Eric Johnson, known best as Whitney Fordman on Smallville, voices Sam this time around. This replacement is all for the sake of better full-body motion capture, since original voice actor Michael Ironside, being in his early sixties, isn’t nearly as spry as Sam Fisher. Johnson manages to capture most of the subtle humor that Sam displayed in earlier games, but he often sounds more mean than just sarcastic. The younger voice of Sam Fisher is a bit out of place, especially when Sam has conversations with his daughter, whom he sounds the same age as, but Johnson manages to find his own version of Sam that leaves the Sam of previous games more or less intact. This new Sam is less a diehard patriot than he is dedicated to mission success at all costs. For this Splinter Cell veteran, the change felt drastic at first, but this pseudo-vengeance-fueled Sam functions rather well in this new title, and I look forward to seeing more of what this reworked Sam has to offer in future titles.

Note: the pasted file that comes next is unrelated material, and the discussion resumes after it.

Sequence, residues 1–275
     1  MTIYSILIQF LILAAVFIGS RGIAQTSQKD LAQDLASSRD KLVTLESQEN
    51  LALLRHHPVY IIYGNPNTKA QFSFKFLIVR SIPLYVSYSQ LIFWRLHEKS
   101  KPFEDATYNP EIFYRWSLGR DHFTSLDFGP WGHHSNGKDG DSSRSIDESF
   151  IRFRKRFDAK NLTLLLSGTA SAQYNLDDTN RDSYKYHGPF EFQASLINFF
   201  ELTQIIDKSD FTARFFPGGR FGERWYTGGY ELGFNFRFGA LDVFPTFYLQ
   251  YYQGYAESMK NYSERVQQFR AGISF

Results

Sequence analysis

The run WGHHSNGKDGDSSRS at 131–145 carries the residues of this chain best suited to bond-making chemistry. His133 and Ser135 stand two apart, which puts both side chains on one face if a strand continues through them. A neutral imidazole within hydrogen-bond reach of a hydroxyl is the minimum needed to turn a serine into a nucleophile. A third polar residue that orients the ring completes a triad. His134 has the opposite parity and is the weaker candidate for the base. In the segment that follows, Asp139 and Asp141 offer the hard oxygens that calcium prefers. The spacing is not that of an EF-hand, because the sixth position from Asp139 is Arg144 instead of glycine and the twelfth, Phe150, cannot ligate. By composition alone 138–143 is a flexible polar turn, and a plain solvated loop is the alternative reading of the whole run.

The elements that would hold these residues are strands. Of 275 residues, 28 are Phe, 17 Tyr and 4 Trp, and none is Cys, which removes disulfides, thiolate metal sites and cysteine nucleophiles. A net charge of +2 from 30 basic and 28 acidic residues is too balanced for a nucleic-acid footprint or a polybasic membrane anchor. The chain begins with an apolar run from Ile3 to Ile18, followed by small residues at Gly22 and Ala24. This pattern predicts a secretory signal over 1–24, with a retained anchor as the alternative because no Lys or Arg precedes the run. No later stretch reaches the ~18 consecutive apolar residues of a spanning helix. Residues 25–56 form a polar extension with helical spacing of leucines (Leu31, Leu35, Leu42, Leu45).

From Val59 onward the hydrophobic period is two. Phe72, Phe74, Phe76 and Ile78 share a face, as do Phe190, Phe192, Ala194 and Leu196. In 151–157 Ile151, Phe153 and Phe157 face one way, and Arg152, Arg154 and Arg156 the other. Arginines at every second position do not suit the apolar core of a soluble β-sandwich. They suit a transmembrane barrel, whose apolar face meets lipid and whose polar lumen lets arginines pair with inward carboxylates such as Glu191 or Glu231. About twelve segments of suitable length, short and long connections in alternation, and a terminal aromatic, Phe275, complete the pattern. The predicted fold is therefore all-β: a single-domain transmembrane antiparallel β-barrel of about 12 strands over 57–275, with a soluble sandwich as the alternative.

Players of Deus Ex: Human Revolution may notice the familiar voice of Elias Toufexis, voice of Adam Jensen, returning as Andriy Kobin from Conviction. Toufexis manages to steal the show from the other actors while his Kobin provides comic relief to balance out the seriousness of the story. The combination of voice acting and realistic motion capture makes Blacklist feel like the most real Splinter Cell of the series, with everything down to subtle eyelid movements and twitches rendered in-game. There were some issues of the characters’ mouths not syncing with their dialogue, but it was a minor problem.